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Ansley_Wilcox

Ansley Wilcox

Ansley Wilcox (January 27, 1856 - January 26, 1930) was an American scholar, Oxford graduate, lawyer, civil service reform commissioner, New York political insider and friend of Theodore Roosevelt. Roosevelt was sworn in as 26th US President at the library of Wilcox's neo-classical style home, the Ansley Wilcox House at 641 Delaware Avenue in Buffalo, New York after the assassination of William McKinley, on September 14, 1901.

Life and rise to prominence

Ansley Wilcox was born near Augusta, Georgia on January 27, 1856. Like Theodore Roosevelt's mother Martha Bulloch Roosevelt, his mother was from the South and his father from the North. During the Civil War his family moved to Connecticut and he later studied law at Yale. Wilcox also attended Oxford University and while in England met Cornelia Rumsey, a young woman from Buffalo on holiday with her family. After leaving Oxford, Wilcox moved to Buffalo, New York where he joined a law firm and married Cornelia in 1878. Cornelia's father, Dexter Rumsey, gave them a house at 675 Delaware Avenue as a wedding present. His wife died in childbirth in 1880, leaving a daughter, Nina. In 1883, Ansley Wilcox married Cornelia’s younger sister, Mary Grace Rumsey. Once again, Dexter Rumsey gave his daughter and son-in-law a house as a wedding present, this one at 641 Delaware Avenue. Their only child, a daughter Frances, was born there in 1884.

Buffalo was a fast growing industrial city when Ansley Wilcox arrived. Although a young man, he soon became known for his legal expertise, charitable works and his love of golf. Corporate law was his specialty but he also taught a course in medical jurisprudence at the University of Buffalo. Like Roosevelt, he was a reformer and a conservationist. The two men met in the early 1880s when they were appointed by Governor Grover Cleveland to a special commission on civil service reform. Both men also served on the commission to create the Niagara Reservation, a protected park area around Niagara Falls. Though he never ran for public office, Wilcox was very interested in politics. He was a friend of at least three presidents , Cleveland, Theodore Roosevelt and William Howard Taft). It was Wilcox who first proposed the idea of holding local elections during odd numbered years to avoid conflict with state and federal elections during even numbered years. He was an independent Republican who broke ranks and voted for Democrat Grover Cleveland in the presidential election of 1884. He supported Theodore Roosevelt in 1904 but in the election of 1912 he threw his support to Republican incumbent Taft, rather than to Progressive Party candidate Roosevelt, whose presidency had begun in his Library.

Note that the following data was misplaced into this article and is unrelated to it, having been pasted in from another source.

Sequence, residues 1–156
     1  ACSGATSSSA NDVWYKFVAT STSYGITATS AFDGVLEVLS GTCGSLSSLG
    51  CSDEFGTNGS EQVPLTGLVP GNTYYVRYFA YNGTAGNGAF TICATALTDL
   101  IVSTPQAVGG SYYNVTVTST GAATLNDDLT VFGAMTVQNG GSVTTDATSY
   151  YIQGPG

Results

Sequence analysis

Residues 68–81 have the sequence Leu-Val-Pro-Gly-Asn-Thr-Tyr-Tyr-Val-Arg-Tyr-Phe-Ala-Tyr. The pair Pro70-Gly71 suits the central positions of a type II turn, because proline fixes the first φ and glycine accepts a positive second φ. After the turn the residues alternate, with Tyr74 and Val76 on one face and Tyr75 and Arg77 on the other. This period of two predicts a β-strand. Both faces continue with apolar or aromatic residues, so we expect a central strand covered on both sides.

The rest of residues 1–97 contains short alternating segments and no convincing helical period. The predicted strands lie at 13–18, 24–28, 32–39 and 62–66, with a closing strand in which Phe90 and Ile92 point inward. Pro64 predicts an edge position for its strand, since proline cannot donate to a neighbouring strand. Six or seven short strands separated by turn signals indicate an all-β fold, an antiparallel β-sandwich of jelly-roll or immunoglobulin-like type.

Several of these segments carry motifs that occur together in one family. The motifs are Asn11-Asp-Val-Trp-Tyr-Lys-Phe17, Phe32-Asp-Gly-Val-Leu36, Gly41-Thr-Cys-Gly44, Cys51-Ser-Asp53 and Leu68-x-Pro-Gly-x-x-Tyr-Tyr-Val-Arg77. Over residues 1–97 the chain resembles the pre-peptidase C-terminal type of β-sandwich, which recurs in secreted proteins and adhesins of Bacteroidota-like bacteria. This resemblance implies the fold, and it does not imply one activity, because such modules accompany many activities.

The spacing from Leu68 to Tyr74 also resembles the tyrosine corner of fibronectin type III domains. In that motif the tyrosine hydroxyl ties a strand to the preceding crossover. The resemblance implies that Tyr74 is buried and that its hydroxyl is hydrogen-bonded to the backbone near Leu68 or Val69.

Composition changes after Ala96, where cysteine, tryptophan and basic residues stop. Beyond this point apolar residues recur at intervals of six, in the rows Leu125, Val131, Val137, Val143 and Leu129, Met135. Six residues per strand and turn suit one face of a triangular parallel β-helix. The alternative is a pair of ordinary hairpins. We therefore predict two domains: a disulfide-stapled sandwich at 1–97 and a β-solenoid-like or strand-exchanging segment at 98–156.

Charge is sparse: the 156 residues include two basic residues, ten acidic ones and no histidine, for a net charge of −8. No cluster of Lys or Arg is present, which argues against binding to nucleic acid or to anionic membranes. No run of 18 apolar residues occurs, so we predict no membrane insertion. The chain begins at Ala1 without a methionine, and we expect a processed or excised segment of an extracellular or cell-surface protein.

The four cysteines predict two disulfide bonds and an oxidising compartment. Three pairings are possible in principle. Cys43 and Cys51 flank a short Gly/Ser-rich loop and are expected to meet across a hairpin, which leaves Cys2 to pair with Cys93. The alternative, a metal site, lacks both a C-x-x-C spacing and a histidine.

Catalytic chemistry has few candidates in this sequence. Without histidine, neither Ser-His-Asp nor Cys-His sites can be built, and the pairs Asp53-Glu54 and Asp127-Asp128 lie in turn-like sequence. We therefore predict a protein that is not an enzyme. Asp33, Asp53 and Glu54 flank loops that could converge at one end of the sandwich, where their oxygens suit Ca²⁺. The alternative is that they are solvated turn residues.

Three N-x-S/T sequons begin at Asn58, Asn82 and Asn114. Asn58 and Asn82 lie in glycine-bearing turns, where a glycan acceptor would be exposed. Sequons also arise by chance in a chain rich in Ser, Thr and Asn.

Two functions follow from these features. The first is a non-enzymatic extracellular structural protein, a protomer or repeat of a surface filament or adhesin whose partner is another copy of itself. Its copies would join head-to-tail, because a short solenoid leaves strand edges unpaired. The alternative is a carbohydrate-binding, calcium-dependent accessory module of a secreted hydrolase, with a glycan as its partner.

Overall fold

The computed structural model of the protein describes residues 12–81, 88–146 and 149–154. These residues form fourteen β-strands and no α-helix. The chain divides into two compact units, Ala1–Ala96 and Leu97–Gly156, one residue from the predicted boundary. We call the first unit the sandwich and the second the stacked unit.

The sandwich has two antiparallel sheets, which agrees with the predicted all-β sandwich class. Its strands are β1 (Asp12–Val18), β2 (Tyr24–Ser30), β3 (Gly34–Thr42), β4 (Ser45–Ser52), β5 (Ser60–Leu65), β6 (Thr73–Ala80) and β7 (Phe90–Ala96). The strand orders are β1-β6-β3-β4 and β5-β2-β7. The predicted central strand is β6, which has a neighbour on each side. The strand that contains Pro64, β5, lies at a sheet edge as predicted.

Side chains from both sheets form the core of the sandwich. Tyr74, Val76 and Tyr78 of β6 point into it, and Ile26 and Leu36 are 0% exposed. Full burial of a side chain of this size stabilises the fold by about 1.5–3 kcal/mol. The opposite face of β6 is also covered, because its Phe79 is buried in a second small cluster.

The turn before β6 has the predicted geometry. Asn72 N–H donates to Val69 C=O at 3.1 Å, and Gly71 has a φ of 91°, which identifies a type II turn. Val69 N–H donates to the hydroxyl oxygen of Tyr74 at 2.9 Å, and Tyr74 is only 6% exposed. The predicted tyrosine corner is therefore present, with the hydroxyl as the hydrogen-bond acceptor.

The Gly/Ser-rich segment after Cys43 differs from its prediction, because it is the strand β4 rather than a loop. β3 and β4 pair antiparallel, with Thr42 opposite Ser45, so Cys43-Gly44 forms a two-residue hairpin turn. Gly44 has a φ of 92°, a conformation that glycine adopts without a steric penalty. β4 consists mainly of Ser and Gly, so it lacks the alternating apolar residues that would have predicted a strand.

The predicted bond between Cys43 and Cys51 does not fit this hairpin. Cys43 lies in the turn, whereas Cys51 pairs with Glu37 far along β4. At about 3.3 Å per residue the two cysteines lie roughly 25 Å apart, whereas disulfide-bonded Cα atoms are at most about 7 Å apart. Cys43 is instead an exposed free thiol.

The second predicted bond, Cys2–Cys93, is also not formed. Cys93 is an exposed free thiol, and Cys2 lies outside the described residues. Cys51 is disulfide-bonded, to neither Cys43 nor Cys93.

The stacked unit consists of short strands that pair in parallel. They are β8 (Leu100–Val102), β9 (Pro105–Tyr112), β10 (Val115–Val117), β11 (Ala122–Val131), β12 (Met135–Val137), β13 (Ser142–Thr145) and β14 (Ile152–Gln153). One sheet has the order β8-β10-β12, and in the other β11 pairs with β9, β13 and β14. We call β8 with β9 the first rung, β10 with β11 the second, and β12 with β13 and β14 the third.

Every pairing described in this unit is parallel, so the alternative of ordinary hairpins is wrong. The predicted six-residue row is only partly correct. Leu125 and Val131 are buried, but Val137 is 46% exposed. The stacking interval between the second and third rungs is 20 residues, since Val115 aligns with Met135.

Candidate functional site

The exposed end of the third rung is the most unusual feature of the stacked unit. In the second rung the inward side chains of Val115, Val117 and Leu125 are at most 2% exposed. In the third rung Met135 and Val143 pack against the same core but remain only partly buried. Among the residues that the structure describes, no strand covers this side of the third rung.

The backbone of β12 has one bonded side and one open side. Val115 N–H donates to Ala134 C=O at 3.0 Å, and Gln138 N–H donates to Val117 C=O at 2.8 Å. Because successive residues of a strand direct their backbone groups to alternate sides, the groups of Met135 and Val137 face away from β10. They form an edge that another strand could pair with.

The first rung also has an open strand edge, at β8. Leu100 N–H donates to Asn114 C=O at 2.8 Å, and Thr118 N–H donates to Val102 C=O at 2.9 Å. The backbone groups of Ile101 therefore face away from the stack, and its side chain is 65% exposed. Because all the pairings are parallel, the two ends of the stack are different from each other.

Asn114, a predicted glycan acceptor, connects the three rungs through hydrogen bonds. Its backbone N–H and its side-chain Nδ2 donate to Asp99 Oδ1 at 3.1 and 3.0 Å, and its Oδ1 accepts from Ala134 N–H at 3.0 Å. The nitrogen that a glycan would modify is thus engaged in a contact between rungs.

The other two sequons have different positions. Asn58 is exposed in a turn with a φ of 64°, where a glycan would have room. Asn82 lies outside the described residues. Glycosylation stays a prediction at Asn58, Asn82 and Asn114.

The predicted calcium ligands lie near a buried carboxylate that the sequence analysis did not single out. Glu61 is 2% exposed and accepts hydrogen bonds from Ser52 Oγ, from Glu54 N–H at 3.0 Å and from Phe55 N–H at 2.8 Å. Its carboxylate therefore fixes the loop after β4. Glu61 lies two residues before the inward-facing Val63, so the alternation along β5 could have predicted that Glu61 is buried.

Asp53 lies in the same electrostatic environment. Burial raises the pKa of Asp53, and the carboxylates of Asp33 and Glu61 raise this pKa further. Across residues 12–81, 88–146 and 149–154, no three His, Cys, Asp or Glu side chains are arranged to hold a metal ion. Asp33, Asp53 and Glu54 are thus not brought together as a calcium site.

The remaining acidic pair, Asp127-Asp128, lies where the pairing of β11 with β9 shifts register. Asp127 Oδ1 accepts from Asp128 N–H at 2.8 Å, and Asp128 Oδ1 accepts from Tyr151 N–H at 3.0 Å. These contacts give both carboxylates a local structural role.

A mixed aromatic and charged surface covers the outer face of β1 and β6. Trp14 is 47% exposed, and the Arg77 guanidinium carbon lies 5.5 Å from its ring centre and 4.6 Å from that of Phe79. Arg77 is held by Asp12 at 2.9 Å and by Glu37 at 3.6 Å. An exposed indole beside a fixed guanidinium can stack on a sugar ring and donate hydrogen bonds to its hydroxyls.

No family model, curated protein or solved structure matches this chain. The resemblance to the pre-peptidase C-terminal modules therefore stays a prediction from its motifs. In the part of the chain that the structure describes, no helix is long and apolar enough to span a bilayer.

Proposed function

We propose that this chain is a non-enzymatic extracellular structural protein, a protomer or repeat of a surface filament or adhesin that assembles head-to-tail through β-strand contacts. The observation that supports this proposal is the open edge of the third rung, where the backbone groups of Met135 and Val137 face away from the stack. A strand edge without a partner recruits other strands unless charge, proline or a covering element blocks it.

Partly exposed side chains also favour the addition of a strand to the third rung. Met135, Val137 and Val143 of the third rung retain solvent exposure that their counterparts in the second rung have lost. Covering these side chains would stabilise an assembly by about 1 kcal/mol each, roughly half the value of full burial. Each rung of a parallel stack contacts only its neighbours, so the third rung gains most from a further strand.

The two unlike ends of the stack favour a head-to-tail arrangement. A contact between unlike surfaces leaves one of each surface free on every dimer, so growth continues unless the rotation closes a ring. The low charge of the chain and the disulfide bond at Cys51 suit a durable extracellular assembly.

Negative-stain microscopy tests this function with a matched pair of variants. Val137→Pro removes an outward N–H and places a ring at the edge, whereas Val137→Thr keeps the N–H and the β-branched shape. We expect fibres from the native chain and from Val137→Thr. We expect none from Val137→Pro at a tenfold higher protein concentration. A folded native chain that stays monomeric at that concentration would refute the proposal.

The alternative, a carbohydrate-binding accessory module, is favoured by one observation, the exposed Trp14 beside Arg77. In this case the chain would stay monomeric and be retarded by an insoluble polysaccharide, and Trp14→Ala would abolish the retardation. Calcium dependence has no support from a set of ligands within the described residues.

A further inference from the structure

Wilcox is also remembered as a founder of the Charity Organization Society and the Fitch Creche, the first day center for working mothers in the United States. Many of these groups met informally the Wilcox home to make decisions and plan events. He was also a founding member of the Wanakah Country Club and enjoyed riding his horses and polo ponies in Delaware Park. The garden at 641 Delaware was also one of his passions. Although a professional gardener was on staff, Wilcox often tended the flowers himself.

In 1917, Ansley Wilcox retired from his law firm. He spent his time in charity work, golfing, riding and gardening. He also took a particular interest in the politics behind the development of the hydro-electric power plants in Niagara Falls in the 1920s.